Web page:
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A memo from hell: Donald Trump says I live there, along with every other black and brown American — but here’s the true hell he'll never understand

Black people and Latinos are "living in hell," Trump says. Time to tell Donald what our lives are really like


D. Watkins
September 28, 2016 3:00AM (UTC)

I was one of the millions of people who tuned in to the highly anticipated presidential debate on Monday night — and according to Donald Trump, I live in hell, right next door to the Hispanics. A place where any and every person of color will be shot or will shoot someone.

Trump’s black and Hispanic hell is a dirty, trashy, rat-infested neighborhood full of barefoot, unemployed dark-skinned people who are all high off crack and strapped with state-of-the-art automatic weapons. These are very dark places­ — the darkest of the dark. Sunny days don’t exist. Now, there may be fresh watermelon in Trump’s hell, but there are no schools, no churches, no scholars, no grandmas, no block parties, no cookouts, no dessert, no family structure, no success, no love, no hope.

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He’d probably say, “These places are worthless, the best at being worthless! And only I can fix them!” But, of course, he has no real plan. Trump’s black and Latino hell has a 100 percent unemployment rate. Everyone is on welfare and a social fabric or mobility don’t exist. Murder defines the state of these African-American and Hispanic hells: Every community of color is the worst neighborhood in Chicago, a “war zone,” as he called it.

We don’t read books, do yoga or eat salads in Trump’s black and Hispanic hell. Hard work is a myth. These people are lazy and incapable of being educated, innovative or inspiring. Their only talents are frying chicken, rolling burritos and making babies whose lives are financed by the taxes he doesn’t pay.

We never started, ran or owned Fortune 500 companies, like Reginald Lewis. Or ran major sports franchises, like Magic Johnson or Bob Johnson. We contributed nothing to art, like Jacob Lawrence or Romare Bearden. Misty Copeland was never born. Charles R. Drew or Vivien Thomas didn’t advance science or medicine. We set zero trends and are not a part of American history or culture because all of us are too busy living in hell.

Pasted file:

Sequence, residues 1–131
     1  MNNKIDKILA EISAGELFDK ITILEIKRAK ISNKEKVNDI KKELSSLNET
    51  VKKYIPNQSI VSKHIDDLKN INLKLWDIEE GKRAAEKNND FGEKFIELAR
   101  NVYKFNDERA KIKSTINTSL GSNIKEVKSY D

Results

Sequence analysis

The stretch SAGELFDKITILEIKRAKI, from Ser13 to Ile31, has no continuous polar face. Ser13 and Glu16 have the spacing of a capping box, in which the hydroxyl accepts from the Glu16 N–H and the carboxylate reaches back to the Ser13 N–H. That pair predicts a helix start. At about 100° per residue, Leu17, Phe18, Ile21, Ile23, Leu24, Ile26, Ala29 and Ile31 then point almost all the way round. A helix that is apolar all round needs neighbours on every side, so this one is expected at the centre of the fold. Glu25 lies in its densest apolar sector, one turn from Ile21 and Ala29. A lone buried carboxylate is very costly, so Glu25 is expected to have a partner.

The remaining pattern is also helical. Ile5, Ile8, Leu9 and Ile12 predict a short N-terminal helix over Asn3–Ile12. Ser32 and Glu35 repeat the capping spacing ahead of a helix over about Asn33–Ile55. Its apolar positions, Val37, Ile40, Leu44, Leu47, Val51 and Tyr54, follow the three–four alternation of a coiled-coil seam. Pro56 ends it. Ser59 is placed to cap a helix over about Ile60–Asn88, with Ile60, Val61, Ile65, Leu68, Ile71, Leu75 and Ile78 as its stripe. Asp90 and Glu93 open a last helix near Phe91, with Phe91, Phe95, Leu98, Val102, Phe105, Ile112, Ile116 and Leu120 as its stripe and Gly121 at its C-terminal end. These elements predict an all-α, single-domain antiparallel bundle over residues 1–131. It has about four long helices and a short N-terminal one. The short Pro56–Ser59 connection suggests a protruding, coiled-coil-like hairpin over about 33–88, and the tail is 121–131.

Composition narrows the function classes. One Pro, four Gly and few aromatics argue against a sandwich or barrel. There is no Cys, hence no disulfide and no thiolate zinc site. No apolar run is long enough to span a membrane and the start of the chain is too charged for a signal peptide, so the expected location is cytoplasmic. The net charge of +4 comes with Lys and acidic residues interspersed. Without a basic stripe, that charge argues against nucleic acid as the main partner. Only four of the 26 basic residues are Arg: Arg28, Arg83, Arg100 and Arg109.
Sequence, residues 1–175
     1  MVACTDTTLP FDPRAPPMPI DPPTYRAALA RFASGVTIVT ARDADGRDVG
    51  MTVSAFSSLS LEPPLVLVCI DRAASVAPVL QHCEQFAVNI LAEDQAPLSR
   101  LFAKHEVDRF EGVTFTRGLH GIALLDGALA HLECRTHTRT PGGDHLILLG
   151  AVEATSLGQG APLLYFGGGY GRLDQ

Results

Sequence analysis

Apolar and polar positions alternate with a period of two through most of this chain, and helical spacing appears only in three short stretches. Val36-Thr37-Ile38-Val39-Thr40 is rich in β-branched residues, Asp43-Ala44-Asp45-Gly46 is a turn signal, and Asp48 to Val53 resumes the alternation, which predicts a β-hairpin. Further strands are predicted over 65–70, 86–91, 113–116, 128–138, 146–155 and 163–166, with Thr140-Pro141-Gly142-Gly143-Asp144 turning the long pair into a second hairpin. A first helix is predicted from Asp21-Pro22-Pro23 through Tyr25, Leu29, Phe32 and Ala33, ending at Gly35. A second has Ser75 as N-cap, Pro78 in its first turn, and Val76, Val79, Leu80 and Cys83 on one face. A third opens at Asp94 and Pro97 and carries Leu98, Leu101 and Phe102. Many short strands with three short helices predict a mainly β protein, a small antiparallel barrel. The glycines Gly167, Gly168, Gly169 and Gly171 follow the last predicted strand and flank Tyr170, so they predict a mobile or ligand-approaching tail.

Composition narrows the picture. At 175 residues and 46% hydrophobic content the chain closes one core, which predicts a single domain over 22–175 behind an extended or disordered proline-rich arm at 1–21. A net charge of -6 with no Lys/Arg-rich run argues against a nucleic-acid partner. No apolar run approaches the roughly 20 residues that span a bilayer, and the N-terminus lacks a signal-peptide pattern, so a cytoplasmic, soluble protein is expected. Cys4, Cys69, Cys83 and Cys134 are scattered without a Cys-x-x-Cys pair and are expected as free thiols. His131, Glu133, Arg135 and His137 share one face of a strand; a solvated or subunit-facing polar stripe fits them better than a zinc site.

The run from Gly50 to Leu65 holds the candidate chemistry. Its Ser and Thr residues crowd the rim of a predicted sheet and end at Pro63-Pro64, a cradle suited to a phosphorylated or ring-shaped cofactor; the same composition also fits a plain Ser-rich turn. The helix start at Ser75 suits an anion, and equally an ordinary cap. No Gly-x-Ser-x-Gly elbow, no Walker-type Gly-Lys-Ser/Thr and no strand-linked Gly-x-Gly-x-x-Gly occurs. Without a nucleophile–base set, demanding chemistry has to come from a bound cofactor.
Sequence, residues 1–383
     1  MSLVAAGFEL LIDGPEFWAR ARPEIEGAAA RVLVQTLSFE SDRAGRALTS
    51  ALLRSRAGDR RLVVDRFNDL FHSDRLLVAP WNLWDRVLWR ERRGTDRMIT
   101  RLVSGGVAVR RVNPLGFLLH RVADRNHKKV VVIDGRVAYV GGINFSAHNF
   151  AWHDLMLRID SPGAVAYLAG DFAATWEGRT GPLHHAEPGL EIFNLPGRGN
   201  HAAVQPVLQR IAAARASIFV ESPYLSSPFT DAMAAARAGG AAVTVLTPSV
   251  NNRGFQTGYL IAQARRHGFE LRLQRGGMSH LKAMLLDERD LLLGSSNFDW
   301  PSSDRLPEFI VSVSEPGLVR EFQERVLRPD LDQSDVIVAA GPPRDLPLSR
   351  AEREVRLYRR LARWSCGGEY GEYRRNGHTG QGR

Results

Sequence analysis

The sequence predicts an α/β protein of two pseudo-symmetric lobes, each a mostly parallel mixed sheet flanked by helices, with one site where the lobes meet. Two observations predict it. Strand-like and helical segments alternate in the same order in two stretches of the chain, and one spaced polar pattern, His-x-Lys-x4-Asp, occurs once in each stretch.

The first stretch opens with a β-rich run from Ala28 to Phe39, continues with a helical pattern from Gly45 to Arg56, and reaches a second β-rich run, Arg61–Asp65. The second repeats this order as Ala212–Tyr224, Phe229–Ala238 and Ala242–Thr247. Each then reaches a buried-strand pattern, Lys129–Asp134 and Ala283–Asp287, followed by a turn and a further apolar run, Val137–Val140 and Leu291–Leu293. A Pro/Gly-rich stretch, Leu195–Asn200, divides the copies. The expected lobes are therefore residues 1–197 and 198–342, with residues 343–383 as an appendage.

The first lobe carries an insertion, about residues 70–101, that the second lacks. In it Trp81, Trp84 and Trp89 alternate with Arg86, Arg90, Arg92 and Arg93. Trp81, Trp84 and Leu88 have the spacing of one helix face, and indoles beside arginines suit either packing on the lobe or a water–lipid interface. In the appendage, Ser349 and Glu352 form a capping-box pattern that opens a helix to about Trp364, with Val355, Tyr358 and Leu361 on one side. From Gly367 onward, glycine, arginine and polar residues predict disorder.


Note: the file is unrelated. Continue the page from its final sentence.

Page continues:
Contrary to what many people like Trump believe, all black and Latino people don’t live in hell and a few bad news stories can’t define a whole race. Talk to some Morehouse College students about random drive-bys, walk through the offices of Def Jam and 300 Entertainment and ask about welfare handouts, and then finish your trip with the suburban African-Americans of Maryland's Prince George’s County, where the median-family income is roughly $85,000 a year. Maybe they’ll take you to Crate & Barrel.

Trump’s stereotypical black and Latino hell is a world that only exists to people like Trump — and that’s the real hell we’re living in. That’s the hell that Donald doesn’t understand. A place where African-Americans are nothing more than a political idea. A group to be tossed around during election time. An irrelevant box on a Republican political checklist, next to restricting a woman’s right to choose, denying global warming, cutting taxes for the rich and justifying the death penalty. That’s the hell we live in.

Regardless of what African-Americans accomplish in this country, people like Trump and his brain-dead supporters always try to reduce us to gang-banging stereotypes — like Ronald Reagan, who coined the insulting term “welfare queens” for African-American women, when there were (and are) more white people on welfare.

Trump is so profoundly disrespectful and so deeply out of touch that he thinks his hateful synopsis of the entire black community and his stupid church visits will win him African-American support. His comments, his rallies, his staff and his overall pattern of actions clearly shows the level of respect he has for African-American and Hispanic voters — reasons why he’ll never receive anything but the racist vote, which is exactly what he deserves. Because the hardworking black and brown people I know would choose burning in hell over voting for Donald Trump.

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D. Watkins

D. Watkins is an Editor at Large for Salon. He is also a professor at the University of Baltimore and founder of the BMORE Writers Project. Watkins is the author of the New York Times best-sellers “The Beast Side: Living  (and Dying) While Black in America” and "The Cook Up: A Crack Rock Memoir."

MORE FROM D. WatkinsFOLLOW @dwatkinsworld

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